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game programming with librarys


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#1 Zxdeiy   Members   -  Reputation: 100

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Posted 03 July 2011 - 01:26 PM

hi i know this will sound pointless but i feel the answer is going to give me a better understanding of game programming
if you program a game with one graphics library could you change to another library with a minimal amount of recoding?

thanks
Dave

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#2 KazenoZ   Members   -  Reputation: 152

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Posted 03 July 2011 - 01:32 PM

That really depends alot on the libraries in question, and the way you format your code.
For the most part, if your code is well written, you should have functions that will contain all library related code in them, and keep minimal touch with the rest of the non-methodized code, and it'll evantually only come down to replacing each line of code with the respective one from the new library(Keep in mind it won't always go smooth since not all libraries function in the same manner, and it's always possible that you'll have to rewrite your code from scratch in the extreme cases)

In the end, it's always viable to change your library, but there's no set amount of difficulty or time or recoding that you'll have to do, it all really depends on what you have, what you want and how you did it.

Since you're only asking in theory though, I'll go ahead and say this: Always program with the mindset of that there's a chance you'll have to replace your library if something doesn't quite work, work from the get-go with the purpose of keeping clean and well commented code, as well as one that's well seperated between game mechanics, distinct objects in the game, the main function and external library code you'll need.

Hope this could help. =)

#3 Zxdeiy   Members   -  Reputation: 100

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Posted 03 July 2011 - 01:47 PM

Thanks reading thats has been really helpful :lol:

#4 Sage Gerard   Members   -  Reputation: 276

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Posted 04 July 2011 - 10:59 AM

You might be interested in the distinction between an interface and implementation in object-oriented programming: Write your interface, which is nothing more than the system you interact with under the impression things get done. As long as your implementation (the thing that actually does the work), still does what it is supposed to do, it can use whatever libraries it damn well pleases.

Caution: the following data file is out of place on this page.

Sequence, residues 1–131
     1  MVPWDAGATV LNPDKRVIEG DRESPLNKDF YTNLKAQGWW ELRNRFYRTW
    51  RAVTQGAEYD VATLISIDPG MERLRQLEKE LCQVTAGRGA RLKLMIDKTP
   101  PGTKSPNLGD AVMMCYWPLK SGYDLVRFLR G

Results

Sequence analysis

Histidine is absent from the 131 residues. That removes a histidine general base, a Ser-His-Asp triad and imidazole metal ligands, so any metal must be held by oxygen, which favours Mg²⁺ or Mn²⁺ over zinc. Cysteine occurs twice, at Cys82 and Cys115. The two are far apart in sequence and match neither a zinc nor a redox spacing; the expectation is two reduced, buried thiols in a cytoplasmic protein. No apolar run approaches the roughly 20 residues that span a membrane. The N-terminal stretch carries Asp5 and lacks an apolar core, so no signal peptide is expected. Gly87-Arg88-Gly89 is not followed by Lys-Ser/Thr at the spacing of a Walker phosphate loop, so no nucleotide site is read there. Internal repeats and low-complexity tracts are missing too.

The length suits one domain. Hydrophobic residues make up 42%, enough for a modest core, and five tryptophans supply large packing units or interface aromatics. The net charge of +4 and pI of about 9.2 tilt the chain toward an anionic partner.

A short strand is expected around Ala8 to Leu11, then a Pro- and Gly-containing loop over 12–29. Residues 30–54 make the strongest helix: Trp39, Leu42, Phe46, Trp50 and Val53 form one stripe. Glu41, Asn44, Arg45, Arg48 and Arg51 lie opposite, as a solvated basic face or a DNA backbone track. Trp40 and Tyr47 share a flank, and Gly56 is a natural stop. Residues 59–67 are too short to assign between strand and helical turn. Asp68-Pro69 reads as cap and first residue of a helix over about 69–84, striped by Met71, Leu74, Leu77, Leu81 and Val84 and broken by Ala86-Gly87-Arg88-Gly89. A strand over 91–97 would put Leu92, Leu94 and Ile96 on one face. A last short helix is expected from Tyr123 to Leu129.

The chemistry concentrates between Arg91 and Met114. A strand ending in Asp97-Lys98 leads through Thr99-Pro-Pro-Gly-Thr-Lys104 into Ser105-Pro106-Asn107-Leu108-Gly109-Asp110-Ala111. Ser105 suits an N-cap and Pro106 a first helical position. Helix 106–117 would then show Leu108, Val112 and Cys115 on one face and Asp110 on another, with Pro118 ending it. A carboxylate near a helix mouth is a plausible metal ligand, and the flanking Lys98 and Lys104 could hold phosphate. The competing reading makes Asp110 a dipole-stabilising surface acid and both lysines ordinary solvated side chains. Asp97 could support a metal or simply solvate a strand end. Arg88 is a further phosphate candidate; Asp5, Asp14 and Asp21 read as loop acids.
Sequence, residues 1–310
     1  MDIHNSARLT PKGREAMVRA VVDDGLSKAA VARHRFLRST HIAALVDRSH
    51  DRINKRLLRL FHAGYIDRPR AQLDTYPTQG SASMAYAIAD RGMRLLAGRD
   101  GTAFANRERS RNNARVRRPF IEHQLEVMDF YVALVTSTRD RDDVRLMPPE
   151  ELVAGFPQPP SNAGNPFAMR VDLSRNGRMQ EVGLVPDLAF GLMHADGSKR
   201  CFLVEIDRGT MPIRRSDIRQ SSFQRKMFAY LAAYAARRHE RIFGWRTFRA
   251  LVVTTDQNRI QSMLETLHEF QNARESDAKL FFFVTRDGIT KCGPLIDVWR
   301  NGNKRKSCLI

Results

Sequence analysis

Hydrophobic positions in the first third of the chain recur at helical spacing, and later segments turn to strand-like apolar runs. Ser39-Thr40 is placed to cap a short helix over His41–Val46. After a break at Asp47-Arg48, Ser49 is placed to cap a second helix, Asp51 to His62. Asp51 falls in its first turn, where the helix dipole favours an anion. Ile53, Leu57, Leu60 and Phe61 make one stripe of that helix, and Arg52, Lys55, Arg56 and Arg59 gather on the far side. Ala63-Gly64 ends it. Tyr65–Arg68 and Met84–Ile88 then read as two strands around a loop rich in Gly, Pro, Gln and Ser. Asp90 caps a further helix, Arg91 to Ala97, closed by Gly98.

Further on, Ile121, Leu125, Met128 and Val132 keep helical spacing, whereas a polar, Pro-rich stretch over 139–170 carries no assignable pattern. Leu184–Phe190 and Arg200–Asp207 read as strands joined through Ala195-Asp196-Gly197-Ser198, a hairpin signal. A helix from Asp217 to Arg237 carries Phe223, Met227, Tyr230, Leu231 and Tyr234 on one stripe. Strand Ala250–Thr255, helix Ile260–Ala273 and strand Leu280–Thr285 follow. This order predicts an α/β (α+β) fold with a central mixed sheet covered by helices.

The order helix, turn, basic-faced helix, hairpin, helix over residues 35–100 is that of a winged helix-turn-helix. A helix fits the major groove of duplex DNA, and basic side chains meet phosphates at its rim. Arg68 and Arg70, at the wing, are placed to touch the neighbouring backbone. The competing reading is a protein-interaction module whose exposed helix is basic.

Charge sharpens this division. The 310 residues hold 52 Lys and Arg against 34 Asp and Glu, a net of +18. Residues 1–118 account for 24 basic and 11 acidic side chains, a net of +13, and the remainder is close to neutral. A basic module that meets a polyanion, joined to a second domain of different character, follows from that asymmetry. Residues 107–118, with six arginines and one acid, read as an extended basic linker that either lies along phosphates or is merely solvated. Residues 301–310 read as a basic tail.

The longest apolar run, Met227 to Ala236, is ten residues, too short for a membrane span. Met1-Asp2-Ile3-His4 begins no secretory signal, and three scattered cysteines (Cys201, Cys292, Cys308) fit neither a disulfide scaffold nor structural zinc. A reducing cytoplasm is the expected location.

Say if you have an interface with a method called Render(). Rendering to a frame in Direct3D uses different code than in OpenGL, but the task is still rendering to a frame! The interface, and the person who uses it, does not really care what is happening as long as it works, and works well.

#5 Nanoha   Members   -  Reputation: 300

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Posted 04 July 2011 - 11:08 AM

If you look at something liek Ogre3d, it works with a number of things (opengl, diectx and more). All through a common interface. There's also no need to rebuild anything when switching between different API/libraries. I think it would be alot of work to get to that point though.

#6 Zxdeiy   Members   -  Reputation: 100

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Posted 11 July 2011 - 07:57 AM

You might be interested in the distinction between an interface and implementation in object-oriented programming: Write your interface, which is nothing more than the system you interact with under the impression things get done. As long as your implementation (the thing that actually does the work), still does what it is supposed to do, it can use whatever libraries it damn well pleases.

Say if you have an interface with a method called Render(). Rendering to a frame in Direct3D uses different code than in OpenGL, but the task is still rendering to a frame! The interface, and the person who uses it, does not really care what is happening as long as it works, and works well.


Thats a nice way of doing things thanks Sage im going to start implimenting that in my games.:D




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